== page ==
Thankfully, there were just enough good days where the wind didn’t blow and the river laid down to keep me fishing. The days the wind blew made me think twice about my decision to spend so much time in this stretch of river. I was never in danger…not once, but there were a few days that were pretty damned uncomfortable for me and my guests.

My last stretch was planned to be 9 days straight — I made it to 7 before I had to quit. The fishing had slowed, the weather had changed and the outlook was less-than-promising so I made an executive decision and chucked-it-in.

From those 7 days I have a new-found appreciation for fishing guides. I found that between a few hours sleep, fishing, cleaning up and getting ready for the next day there was precious little time to watch an hour’s worth of news and get something to eat. I remembered a time when I did that every day and now having re-experienced that part of my life I understand that those experiences are best kept in my distant past.

I also have a new appreciation for my clients products. From my boat and motor that were subjected to daily and merciless abuse, to the rods, reels and line I used that were strained to the utmost under tides, fish and pressure — they all held up famously and without incident. Truly incredible when you understand the demands that were put on every piece of my equipment.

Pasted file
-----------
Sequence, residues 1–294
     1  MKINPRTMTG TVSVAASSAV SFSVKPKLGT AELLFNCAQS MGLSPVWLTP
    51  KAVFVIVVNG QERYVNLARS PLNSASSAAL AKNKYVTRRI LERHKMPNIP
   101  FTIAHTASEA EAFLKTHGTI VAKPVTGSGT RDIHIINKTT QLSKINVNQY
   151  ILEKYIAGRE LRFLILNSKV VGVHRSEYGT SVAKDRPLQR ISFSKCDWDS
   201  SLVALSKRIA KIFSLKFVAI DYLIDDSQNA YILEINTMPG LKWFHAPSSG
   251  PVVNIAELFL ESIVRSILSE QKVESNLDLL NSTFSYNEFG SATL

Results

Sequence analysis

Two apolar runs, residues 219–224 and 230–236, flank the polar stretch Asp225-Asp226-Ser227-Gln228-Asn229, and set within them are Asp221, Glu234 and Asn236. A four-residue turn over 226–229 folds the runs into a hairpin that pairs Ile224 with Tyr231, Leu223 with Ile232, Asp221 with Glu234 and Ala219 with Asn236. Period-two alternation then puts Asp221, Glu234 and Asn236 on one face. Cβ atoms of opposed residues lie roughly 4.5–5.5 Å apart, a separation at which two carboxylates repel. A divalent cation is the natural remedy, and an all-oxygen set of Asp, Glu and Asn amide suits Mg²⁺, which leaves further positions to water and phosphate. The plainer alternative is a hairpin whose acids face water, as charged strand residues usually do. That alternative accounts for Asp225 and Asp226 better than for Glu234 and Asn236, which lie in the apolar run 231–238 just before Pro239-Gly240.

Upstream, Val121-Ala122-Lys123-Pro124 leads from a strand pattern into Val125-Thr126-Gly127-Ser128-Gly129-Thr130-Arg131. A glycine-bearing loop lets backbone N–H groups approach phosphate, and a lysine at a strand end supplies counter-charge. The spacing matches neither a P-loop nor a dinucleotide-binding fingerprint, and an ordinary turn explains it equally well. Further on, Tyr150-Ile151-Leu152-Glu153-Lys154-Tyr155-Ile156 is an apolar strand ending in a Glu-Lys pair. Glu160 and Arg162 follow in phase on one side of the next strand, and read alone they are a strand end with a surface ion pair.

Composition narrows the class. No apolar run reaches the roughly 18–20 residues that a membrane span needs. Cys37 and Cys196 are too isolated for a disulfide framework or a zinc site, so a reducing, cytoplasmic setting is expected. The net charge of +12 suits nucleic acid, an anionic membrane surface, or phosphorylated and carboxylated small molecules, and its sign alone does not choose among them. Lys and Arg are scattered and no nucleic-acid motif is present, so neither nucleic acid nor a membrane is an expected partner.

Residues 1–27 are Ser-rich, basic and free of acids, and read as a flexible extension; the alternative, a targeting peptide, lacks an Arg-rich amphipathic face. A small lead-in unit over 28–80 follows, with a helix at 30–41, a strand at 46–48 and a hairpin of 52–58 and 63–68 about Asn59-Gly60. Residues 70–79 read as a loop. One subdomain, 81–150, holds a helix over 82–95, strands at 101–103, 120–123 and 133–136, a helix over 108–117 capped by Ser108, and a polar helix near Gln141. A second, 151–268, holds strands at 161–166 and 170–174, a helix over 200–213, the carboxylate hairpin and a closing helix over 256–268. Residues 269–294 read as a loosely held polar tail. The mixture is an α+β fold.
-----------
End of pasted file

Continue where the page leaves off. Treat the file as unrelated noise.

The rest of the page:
I know when I watch “The Deadliest Catch” and see them routinely work through 20′ and 30′ swells…I’ll never complain about fishing in ten footers — I’ll just button everything up and get out of there. Now having experienced moderate swells I have no idea how those guys do it…even though they’re in much bigger boats, it’s still got to be one rough ride.

A few days when I ran from Ilwaco to above the bridge — about a 12 mile run — I felt it in my legs, arms, shoulders, back — pretty much everywhere…except my ears…my ears never hurt one bit. Guides do that daily and they don’t hurt at all.

The lessons? Well, the grass isn’t greener on the other side. It’s brown. I love my job — being a marketer is what I was born to do. In fact, after all the time I spent on the water this past month I love my job more than ever. I’d hoped I’d have time to contemplate the universe, think and relax…there was no time to do any of that — I thought about herring, tides, rips, weather conditions and gear — constantly. If I want to contemplate, think and relax I’ll do that in the comfort of my Tempur-Pedic not at the Graveyard of the Pacific. Finally, BDC Advertising represents the best of the best. I witnessed it myself and am more committed to their businesses than ever. Whether it was Stevens Marine or Fisherman’s Marine & Outdoor that supplied my gear, Maxima line, Okuma reels, Lamiglas rods or Luhr Jensen gear they all performed perfectly and flawlessly and never let me down. I realized through my experience just how fortunate I am to be doing business with these companies and how fortunate I am to be a part of BDC. Next year, I’ll limit my stretches to 3 or 4 days…no more.